Read Write Think also has a helpful collection of graphic organizers that can be used online or printed-out.

You can also find quite a few other sources of graphic organizers at Write Design and Thinkport.

Graphic Organizers is the title of an excellent article by Tracey Hall & Nicole Strangman. It gives an overview of graphic organizers and research study results on their effectiveness.

Holt has a nice collection of graphic organizers, thought you probably won’t find any that aren’t at other sites on this list.  What it does have, though, that the others do not is an excellent list of teaching notes for each individual graphic organizer listed. That’s a real find, especially for teachers not familiar with using them.

Subversive Graphic Organizers

Here’s some research on the use of graphic organizers:

Enhancing Learning Through the Use of Graphic Organizers:A Review of the Literature is an excellent recent review. Thanks to Bjørn Helge Græsli for the tip.

Here’s even more research, thanks to Nathan Hall.

I learned about TUZZit from Carla Arena. It’s a free online graphic organizer tool that provides lots of different options of organizers (you can also create your own); lets you paste online images videos, virtual post-it notes and more onto them; and then you can share your creation with online collaborators.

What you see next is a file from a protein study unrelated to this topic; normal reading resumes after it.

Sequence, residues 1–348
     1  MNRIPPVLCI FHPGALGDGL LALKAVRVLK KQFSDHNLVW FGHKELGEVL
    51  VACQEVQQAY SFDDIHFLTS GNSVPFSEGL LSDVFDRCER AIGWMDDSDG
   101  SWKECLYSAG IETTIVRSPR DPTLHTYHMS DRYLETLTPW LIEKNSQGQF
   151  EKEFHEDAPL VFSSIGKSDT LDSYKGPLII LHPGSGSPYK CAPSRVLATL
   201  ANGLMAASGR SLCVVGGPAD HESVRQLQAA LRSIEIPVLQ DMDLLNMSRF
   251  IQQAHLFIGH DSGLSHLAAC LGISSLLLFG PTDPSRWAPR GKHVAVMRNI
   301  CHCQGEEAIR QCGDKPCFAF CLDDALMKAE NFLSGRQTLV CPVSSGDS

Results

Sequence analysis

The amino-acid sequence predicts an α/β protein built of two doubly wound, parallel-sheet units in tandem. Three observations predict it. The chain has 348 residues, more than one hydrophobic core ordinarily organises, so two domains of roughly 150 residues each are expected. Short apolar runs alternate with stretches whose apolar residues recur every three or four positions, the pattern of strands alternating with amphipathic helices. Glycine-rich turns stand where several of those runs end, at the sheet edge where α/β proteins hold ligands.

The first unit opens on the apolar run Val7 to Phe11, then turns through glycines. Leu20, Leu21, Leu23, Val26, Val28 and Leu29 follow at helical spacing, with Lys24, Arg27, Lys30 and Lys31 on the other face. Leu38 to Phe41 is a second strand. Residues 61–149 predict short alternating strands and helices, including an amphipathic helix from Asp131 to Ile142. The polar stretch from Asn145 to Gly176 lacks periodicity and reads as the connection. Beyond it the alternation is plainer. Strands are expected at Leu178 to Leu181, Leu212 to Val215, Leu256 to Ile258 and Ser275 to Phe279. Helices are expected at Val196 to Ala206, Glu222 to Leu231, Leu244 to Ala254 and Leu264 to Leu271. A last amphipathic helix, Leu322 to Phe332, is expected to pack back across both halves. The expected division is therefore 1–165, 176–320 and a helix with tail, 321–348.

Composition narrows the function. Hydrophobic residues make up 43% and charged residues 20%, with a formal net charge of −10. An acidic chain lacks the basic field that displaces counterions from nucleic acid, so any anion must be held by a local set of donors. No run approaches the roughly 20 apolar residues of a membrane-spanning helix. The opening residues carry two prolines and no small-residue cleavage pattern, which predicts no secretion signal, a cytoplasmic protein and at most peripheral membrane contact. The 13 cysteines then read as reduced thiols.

Curriculum Corner Graphic Organizers

Help Students Analyze Complex Social Issues with this Great Graphic Organizer is by Steve Zemelman.

I Heart Venn Diagrams lets you make…Venn Diagrams.

The Great and Powerful Graphic Organizer is by Jennifer Gonzalez.

25 FREE Google Drawings graphic organizers — and how to make your own is from Ditch That Textbook.

You can make free charts at Charts Factory.


When Students Need Structure: Utilizing Graphic Organizers is from Writers Who Care.

This is a nice collection of graphic organizers.

Common Core Correlated Graphic Organizers:

Develop Thinking from The Chicago Public Schools

Common Core Resources from Spartan Guides


How Could I Have Not Known How Easy It Is To Use Graphic Organizers In Jamboard?

GitMind – A Collaborative Mind Mapping and Outlining Tool is from Richard Byrne.

Here’s a new study demonstrating the effectiveness of graphic organizers.

Benefits of interactive graphic organizers in online learning: Evidence for generative learning theory. is a new study that reinforces previous ones that have found graphic organizers to enhance learning.

Using Graphic Organizers for Language Skills Development is from Ellii.

Graphic organisers is from On The Same Page.

80 Graphic Organizer Templates for Active Learning is from TCEA.

Corgi is a free online site designed to help teach accessible science lessons with, among other things, online graphic organizers. I’ve embedded a video below:

Free Graphic Organizer Templates

The San Antonio School District has a great collection of graphic organizers.

As always, feedback is welcome.